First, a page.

Патент USA US2125317код для вставки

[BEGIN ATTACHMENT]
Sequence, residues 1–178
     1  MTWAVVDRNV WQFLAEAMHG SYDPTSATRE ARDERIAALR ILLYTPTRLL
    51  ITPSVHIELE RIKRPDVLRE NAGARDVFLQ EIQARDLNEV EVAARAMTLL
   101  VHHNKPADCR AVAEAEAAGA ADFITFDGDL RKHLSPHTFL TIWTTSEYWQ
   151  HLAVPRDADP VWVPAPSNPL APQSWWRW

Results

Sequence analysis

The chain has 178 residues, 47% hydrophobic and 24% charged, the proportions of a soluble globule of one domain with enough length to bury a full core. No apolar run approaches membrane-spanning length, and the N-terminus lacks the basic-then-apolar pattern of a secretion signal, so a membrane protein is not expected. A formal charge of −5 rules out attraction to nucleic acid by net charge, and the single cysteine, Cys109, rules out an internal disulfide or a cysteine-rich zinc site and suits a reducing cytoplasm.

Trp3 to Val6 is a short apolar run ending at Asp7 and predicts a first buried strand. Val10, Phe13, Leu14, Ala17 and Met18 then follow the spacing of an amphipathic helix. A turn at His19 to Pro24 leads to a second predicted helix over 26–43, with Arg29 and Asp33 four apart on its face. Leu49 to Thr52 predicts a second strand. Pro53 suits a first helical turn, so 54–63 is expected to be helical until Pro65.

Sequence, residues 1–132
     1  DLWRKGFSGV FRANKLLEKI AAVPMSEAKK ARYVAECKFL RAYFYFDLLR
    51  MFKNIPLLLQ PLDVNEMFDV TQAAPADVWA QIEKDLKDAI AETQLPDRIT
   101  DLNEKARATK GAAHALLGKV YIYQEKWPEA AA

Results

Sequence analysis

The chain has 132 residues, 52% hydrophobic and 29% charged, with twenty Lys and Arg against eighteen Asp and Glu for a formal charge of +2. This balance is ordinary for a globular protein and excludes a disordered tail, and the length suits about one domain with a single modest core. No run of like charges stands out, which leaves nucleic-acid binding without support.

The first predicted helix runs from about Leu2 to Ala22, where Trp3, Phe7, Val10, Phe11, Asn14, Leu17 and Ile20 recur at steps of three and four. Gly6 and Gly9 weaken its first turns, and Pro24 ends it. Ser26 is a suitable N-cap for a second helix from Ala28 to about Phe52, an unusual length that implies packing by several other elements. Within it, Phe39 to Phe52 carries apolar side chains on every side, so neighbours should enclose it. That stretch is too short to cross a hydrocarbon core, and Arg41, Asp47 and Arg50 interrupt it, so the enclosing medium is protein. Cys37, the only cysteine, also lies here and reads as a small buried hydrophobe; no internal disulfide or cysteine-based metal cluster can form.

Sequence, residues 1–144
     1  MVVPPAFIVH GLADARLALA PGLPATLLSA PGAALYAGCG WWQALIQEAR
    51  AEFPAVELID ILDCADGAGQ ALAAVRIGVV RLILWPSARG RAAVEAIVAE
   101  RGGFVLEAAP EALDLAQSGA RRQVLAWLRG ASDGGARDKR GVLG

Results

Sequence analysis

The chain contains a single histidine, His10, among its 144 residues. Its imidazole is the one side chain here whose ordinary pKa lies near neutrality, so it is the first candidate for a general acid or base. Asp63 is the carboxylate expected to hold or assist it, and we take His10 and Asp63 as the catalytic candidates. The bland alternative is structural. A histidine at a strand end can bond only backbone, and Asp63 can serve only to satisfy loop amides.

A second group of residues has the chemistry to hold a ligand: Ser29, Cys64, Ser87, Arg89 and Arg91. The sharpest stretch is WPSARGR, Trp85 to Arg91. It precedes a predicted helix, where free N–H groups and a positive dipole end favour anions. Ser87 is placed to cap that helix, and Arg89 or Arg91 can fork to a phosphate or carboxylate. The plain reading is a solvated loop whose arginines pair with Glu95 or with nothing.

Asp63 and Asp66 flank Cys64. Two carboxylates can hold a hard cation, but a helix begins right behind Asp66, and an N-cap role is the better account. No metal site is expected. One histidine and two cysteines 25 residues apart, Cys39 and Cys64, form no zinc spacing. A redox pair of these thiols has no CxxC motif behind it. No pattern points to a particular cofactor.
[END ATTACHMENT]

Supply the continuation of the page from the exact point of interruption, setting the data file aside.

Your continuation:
Aug. 2, 1938. 2,125,317 -v. 1.. RONCI ELECTRON DISCHARGE DEVICE Filed Feb. 4, 1956 FIG. 3 45 I4 45 44 w lNVENTOR BY V. LRONC/ A T TORNEY Patented Aug. 2, 1938 2,125,317 UNITED STATES PATENT [OFFICE 2,125,317 ELECTRON DISCHARGE DEVICE Victor L. Ronci, Brooklyn, N. _Y., assignor to Bell Telephone Laboratories, Incorporated, New ' York, N. Y., a corporation of New York Application February 4, 1936, Serial No. 62,254 Y 2 Claims. (Cl. 250-—2'7.5) lowing detailed description with reference to the This invention relates to electron discharge de accompanying drawing: vices and more particularly to'such devices suit able for the generation and ampli?cation of ultra high frequency impulses. In ultra-high frequency .systems employing electron discharge devices, the high frequency electrostatic ?elds set up by the potentials ap plied to the electrodes of the discharge devices cause interference in the system by undesired 10 interaction between the input and output circuits of the discharge devices. This interference re duces the sensitivity of the system and impairs the stability of the ampli?er, oscillator or other generating or translating apparatus in the system. One object of this invention is to eliminate interference by electrostatic ?elds between the input and output circuits of electron discharge devices. / Another object of the invention is to completely shield the terminal conductors in the input cir cuit of the discharge device from the output cir cuit terminal conductor. In one illustrative embodiment of this inven tion, an electron discharge device comprises a unitary main electrode assembly including a metallic closure member or disc which serves as a shield. The disc is hermetically sealed to a dished or bell-shaped vitreous envelope in which a cylindrical anode is mounted. The disc is pro 30 vided with integrally formed eyelets which are sealed by glass beads carrying conductors sup Fig. 1 is an elevational view in cross-section of an electron discharge device illustrative of one embodiment of this invention and showing the relationship of the electrodes in the device; Fig. 2 is an elevational view in perspective of an electron discharge device illustrative of an other embodiment of this invention, a portion of‘ the enclosing vessel being broken away to show 10 the internal structure more clearly; . Fig. 3is a partly exploded view in perspective of the electron discharge device shown in Fig. 2, portions of the enclosing vessel, anode and, the unitary electrode assembly being broken away 15 to show details of construction more clearly; Fig. 4 is a plan view, to a reduced scale, show ing the association of the leading-in conductors with the electrodes of the unitary electrode assembly in the discharge device shown in Figs. 20 2 and 3; and . Fig. 5 is a detail view in cross-section of the , cathode embodied in the discharge device shown in Figs. 2and 3. Referring now to the drawing, the electron dis charge device shown in Fig. 1 comprises an en closing vessel including a vitreous dished or bell shaped envelope or portion l0 and a metallic disc H, for example of copper, closing the open end of the envelope ID. The envelope l0 and a vitreous backing ring l2 may be fused to the disc . porting the individual electrodes, such as the II by heating the disc by high frequency induc cathode and oneor more grids, of the main as tion as described more fully in my copendlng ap sembly. The electrodes also may be assembled plication, Serial 'No. 62,253, filed February 4, as a unit on the disc and are held in uniform 1936. A metallic rod or wire conductor I3 is sealed into the envelope Ill at the top thereof, as indicated at H, and supports a cylindrical anode IS. The metallic disc I l is provided with a plurality of integral eyelets or sockets l6, into each of spaced relation by insulating spacers at both ends of one of the grids, for example, the shield or suppressor electrode, and the internal elec trodes are completely shielded from stray ?elds 40 within the device. _ One feature of this invention relates to the fabrication of the device whereby all the elec trodes but the anode may be assembled as a unit on the shielding disc and the enclosing vessel carrying the anode subsequently may be sealed which a vitreous bead I1 is sealed. The vitreous beads I‘I have sealed therein metallic wires or rods l8, l9 and 20 which serve as leading-in con ductors for electrodes of the device. The wires or rods l8 are connected electrically to end ex to the disc to form a compact and eilicient struc- ' tensions 2l of a heater element for the cathode ture. Another feature relates to the ‘combination of the device with an external shield structure whereby the internal disc shield may be placed in physical contact with the external shield to insure complete and positive shielding between the input and output circuits. ' . The invention and the features thereof will be 65 understood more clearly and fully from the fol 22, the cathode being coaxial with the anode l5 and supported from the disc II and electrically connected thereto by a rod or wire 23. The rod or wire I9 is secured to and supports a rigid metallic rod or wire 24 which carries a helical wire control electrode or grid 25 encompassing the cathode 22 and coaxial therewith. Similarly, the rod or wire 20 supports a helical wire shield or screen grid 21 encompassing and coaxial with 2 2,125,511’? the control grid 23. . The shield or screen grid 21 , is encompassed in turn by a helical wire shield or suppressor grid 23, only a portion of which is ' shown, supported by and electrically connected to the disc I I by rigid metallic uprights or rods 29. In the fabrication of the device shown in Fig. 1, all of the electrodes except the anode are fabri cated in a unitary assembly with the disc II. The beads Il may be sealed in the sockets I3, for example, by high frequency heating of the disc as described in my copending application afore mentioned. The electrodes of this assembly, namely, the cathode 22 and grids 25, 21 and 23, are positioned in proper relation within the anode I5 and the disc II is seated upon the edge of the envelope III. Subsequently, the envelope I0 and backing ring I2 are fused to the disc I I as stated hereinbefore to form a hermetic seal therewith. As shown clearly in Fig. 1, the disc II is of greater diameter than the envelope I0 and may be seated upon an external metallic shield 30. The disc II and shield 30, it will be clear, effec tively screen the leading-in conductors I3, I9 and 23 from the leading-in conductor I4 for the anode so that the input circuit is substantially complete ly shielded from the output circuit of the device and undesired interaction between these circuits is prevented. If desired, an annular insulating disc, not shown, may be positioned between the 30 disc II and shield 33 so that these members may be at di?erent potentials although still perform~ ing their shielding function. Inasmuch as all the electrodes ‘but the anode may be fabricated as a unitary assembly exteriorly. 35 of the envelope III and may be ?xed in proper relation to the anode I3 by a single operation, the fabrication of discharge devices is materially sim pli?ed and expedited. Furthermore, it will be ap parent that in a device constructed in accordance with this invention, the length of‘ the leading-in conductors for the cathode and the several grids may be made very short so that the inductances of these conductors will be very small and the de vice may be used e?iciently at ultra-high fre quencies. In the construction illustrated in Figs. 2 and 3, which are enlarged approximately ?ve times for clarity, the several electrodes of the unitary as sembly are maintained in their proper space rela 60 tion by insulating spacer members and additional shields are provided for segregating the input and output electrodes. As shown in these ?gures, the rods or wires 23 carrying the suppressor grid 23 are suitably secured, as by welding, at one end 55 to the disc I I and support a metallic collar or ring shield 3I having an annular ?ange 32 which ex tends to immediately adjacent the inner wall of the envelope III. Seated upon the flange 32 is an The cathode embodied in the device illustrated in Figs. 2 and 3, as shown more clearly in Fig. 5, comprises an outer metallic sleeve 33 having a coating oi.’ thermionic material thereon, which is carried by and electrically connected to a cen tral metallic standard 43. The standard 43 is encompassed by a heater wire lI which is embed- - ded in or coated with insulating material 42, one end 43 ofthe heater wire being secured to the standard. The cathode is supported between the insulating spacers 33 and 35, the standard III extending through central apertures in these spacers and the insulator extension 42 abutting against the lower spacer 35. The portions of the rods or wires 36 and 33 15 and the standard 43 extending above the insulat ing spacer 35 are substantially enclosed by a metallic cap 44 which is seated upon the insulat ing spacer 35 and is provided with integral tabs 45 secured, as by welding, to the rods or wires 29 of the suppressor grid. The cap 44 forms a shield between the elements enclosed thereby and the anode and its support I3, thereby effectively screening these elements electrostatically from the anode. As shown more clearly in Fig. 4, the end 36 of the heater wire 42 is electrically connected to one of the rods or wires I3 by a short wire or stub 41, and the standard 40 which serves as a leading-in conductor for both the cathode 39 and the heater wire ll, is connected electrically to the other rod or wire I3 by a short wire or stub 43. Simi larly, one of the rods or wires 33 carrying the con trol grid is connected to the rod or wire I9 by a short wire or stub 49, and one of the rods or wires 36 carrying the shield grid is connected to the rod or wire 20 by a short wire or stub 53. In the fabrication of the device shown in Figs. 2 and 3, the cathode 39 and grids 25, 21 and 23, together with the insulating spacers 33 and 35, 40 collar 3I and disc II may be assembled as a unitary structure. The electrodes may then be inserted into the envelope III in proper coaxial relation with the anode I 5 and the envelope sealed hermetically by fusing the envelope and the back 45 ing ring I2 to the disc I I. This construction provides a high degree of shielding between the anode and the other elec trodes so that the input and output elements and circuits are effectively segregated. The cap 43, 50 as previously mentioned, effectively shields the upper ends of the cathode and grid supports from the anode. Similarly, the collar 3|, 32 effectively shields the lower ends of the cathode and grid . supports from the ‘anode. Also, the disc II to 55 gether with the external. shield 30, as shown in Fig. 1, effectively screens the leading-in con~ insulating spacer 33, for example, of mica, which 'ductors for the cathode and the control and may be provided with peripheral recesses 34 to screen grids from the anode and the leading-in render the edge of the disc more resilient and conductor therefor. Hence, undesired interaction 60 thereby compensate for variations in the inner di— between the input and output circuits of the de_ vice is prevented and stable and eiiicient opera~ meter of the envelope I II. Another insulating‘ tion of the device is obtained. spacer disc 35, which also may be of mica, is af Although speci?c embodiments “of this inven 65 ?xed, as by a friction ?t, to the rods or wires 23 tion have been shown and described, it will be adjacent the free ends thereof. , The screen grid 21 is carried by two metallic understood, of course, that modi?cations may be made therein without departing from the scope uprights or rods 36 which extend through the in and spirit of this invention as de?ned in the ap sulating spacers 33 and 35, one of the rods 36 be 70 ing held against longitudinal movement by a pended claims. What is claimed is: . 70 metallic stub 31 secured thereto and resting upon 1. An electron discharge device comprising an the insulating spacer 33. Similarly, the control enclosing vessel including a dished vitreous por grid 25 is carried by a pair of metallic uprights or rods 33 which are ?tted at opposite ends into tion and a metallic closure disc sealed to the edge of said vitreous portion, a cylindrical anode with TI apertures in the insulating spacers 33 and 35. in said vessel and supported by a leading-in 15 3 2,125,317 conductor sealed in said vitreous portion, and a unitary electrode assembly supported from said disc including a cathode and a grid within said anode, a support carrying said grid and secured to said disc, and an insulating member spacing said cathode and said support,_ said insulating member having portions engaging said vitreous portion to position said assembly with respect to said anode. 10 ' 2. An electron discharge device comprising an enclosing vessel including a dished vitreous por tion and a metallic closure disc sealed to the edge of said vitreous portion, a cylindrical anode within said vessel and supported by a leading-in conductor sealed in said vitreous portion, and a unitary electrode assembly including a cathode, a plurality of grids? metallic supports for one oi‘ said grids secured to said disc, and an insulating disc carried by said supports and spacing said cathode and said grids with respect to each other, said insulating disc having a ?exible peripheral portion engaging said vitreous portion to posi- 10 tion said assembly with respect to said anode. . VICTOR L. RONCI.